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Updated: June 17, 2013 16:20 IST

Back from the Front

PRINCE FREDERICK
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Parameswaran with his 1955 AJS 350cc
Special Arrangement Parameswaran with his 1955 AJS 350cc

This 1955 AJS 350cc provokes comparisons with the Matchless 3G/L, a popular war machine

People can’t help comparing a child’s physiognomic features with those of its parents and other relatives. Someone familiar with the AJS and Matchless bikes manufactured after the two marques came to have a common parent company (Associated Motor Cycles), will indulge in a similar exercise. For the knowledgeable, the 1955 AJS 16MS 350cc single, owned by brothers Parameswaran and Suri, will bring back memories of the G3/L, a military Matchless.

The 350cc single G3/L was developed from the G3 and pressed into war duty. A path-breaking front suspension technology distinguished the G3/L from the G3. The G3/L featured a front fork with lower legs that moved within two tubes attached to the T-stem; and also a hydraulic pump. This feature, which added to the G3/L’s popularity was not new. BMW and Norton had dabbled in the same telescopic fork principle, but only where its racing machines were concerned. By introducing the feature in its stock Matchless bikes and also patenting it as ‘Teledraulic’, AMC had broken fresh ground. Before other motorcycle makers introduced this feature in their own bikes, bike nuts searched for dilapidated G3/Ls so that their bikes got the advantage of a teledraulic front fork.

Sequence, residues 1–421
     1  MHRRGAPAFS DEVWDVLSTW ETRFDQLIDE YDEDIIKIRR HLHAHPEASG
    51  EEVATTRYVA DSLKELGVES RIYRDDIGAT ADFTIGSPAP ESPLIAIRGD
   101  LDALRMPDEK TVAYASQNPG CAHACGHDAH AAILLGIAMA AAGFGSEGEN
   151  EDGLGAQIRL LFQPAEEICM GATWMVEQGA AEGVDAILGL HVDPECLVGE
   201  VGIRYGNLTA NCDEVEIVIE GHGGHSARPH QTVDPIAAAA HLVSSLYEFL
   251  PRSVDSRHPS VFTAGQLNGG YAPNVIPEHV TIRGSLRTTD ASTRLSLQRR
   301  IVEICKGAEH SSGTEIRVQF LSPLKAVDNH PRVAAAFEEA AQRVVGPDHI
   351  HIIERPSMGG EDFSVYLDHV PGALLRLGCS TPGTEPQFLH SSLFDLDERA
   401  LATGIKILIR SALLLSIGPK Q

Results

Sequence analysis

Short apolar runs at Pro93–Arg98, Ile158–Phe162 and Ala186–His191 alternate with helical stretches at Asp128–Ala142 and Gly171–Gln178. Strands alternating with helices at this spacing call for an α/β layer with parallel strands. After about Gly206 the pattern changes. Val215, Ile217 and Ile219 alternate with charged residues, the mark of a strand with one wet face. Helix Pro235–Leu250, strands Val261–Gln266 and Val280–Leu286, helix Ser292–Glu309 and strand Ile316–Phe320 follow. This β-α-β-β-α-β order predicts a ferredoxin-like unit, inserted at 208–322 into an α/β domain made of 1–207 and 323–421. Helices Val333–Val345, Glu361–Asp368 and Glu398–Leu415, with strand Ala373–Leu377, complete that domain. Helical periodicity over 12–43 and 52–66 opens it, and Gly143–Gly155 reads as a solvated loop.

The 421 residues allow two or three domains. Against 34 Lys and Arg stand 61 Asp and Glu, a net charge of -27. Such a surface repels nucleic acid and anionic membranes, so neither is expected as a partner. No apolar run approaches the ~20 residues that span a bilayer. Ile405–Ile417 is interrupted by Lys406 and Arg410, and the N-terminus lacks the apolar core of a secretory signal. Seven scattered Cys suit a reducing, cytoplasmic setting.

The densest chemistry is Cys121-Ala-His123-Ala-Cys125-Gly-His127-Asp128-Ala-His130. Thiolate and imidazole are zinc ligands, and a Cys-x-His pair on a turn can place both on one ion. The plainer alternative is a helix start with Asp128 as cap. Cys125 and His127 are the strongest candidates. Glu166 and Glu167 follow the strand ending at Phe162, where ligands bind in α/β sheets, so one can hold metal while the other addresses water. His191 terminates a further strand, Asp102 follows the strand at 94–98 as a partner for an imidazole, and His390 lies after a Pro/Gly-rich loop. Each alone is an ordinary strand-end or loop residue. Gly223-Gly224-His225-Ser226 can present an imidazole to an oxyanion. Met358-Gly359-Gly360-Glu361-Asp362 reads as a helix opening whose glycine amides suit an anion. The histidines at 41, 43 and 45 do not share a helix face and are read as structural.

The post-War AJS/Matchless 350cc and 500cc singles are descendents of the G3 and G3L models. This 1955 AJS single has teledraulic front forks, as also the products born out of post-War advancements and changes surrounding the Matchless/AJS range.

In 1954, metal badges gave way to plastic ones. This 1955 AJS was among the early AMC bikes with a monobloc carburettor, a magneto with automatic timing control and a speedometer on the headlight. Earlier, the speedometer was yoked to the handle-bar head.

While they have not used the bike as regularly as they wished to, Suri and Parameswaran have managed to retain even seemingly minor parts, small in size but of great significance. These include fuel taps for reserve and main. The bike has a long dynamo instead of the characteristic short one — Suri says they would switch back to the right piece.

Bond with the bike

While trying to clinch the deal over this AJS, Suri seesawed between hope and despair. Srinivasan from Perathur, a nondescript village in Tiruvellore district, agreed to sell the bike but went back on his word — not once, but many times.

For 30 years, the bike had partly defined Srinivasan’s identity as well as his routine. He had kept a year-by-year maintenance record (from 1964 to 1994) of the AJS. “As nobody else in the family had the knowledge or inclination to maintain the bike, the septuagenarian, who was fast declining in health, knew it had to go. But the thought of losing the AJS was unbearable for him,” says Suri.

Suri would have closed the book on the elusive AJS, if his brother Parameswaran had not shown a deep interest in it. “Srinivasan gave in when I worked on his emotion. Imagine you are marrying your daughter into a good family. With tears rolling down his cheeks, he agreed to part with the bike. And this time, he kept his word.”

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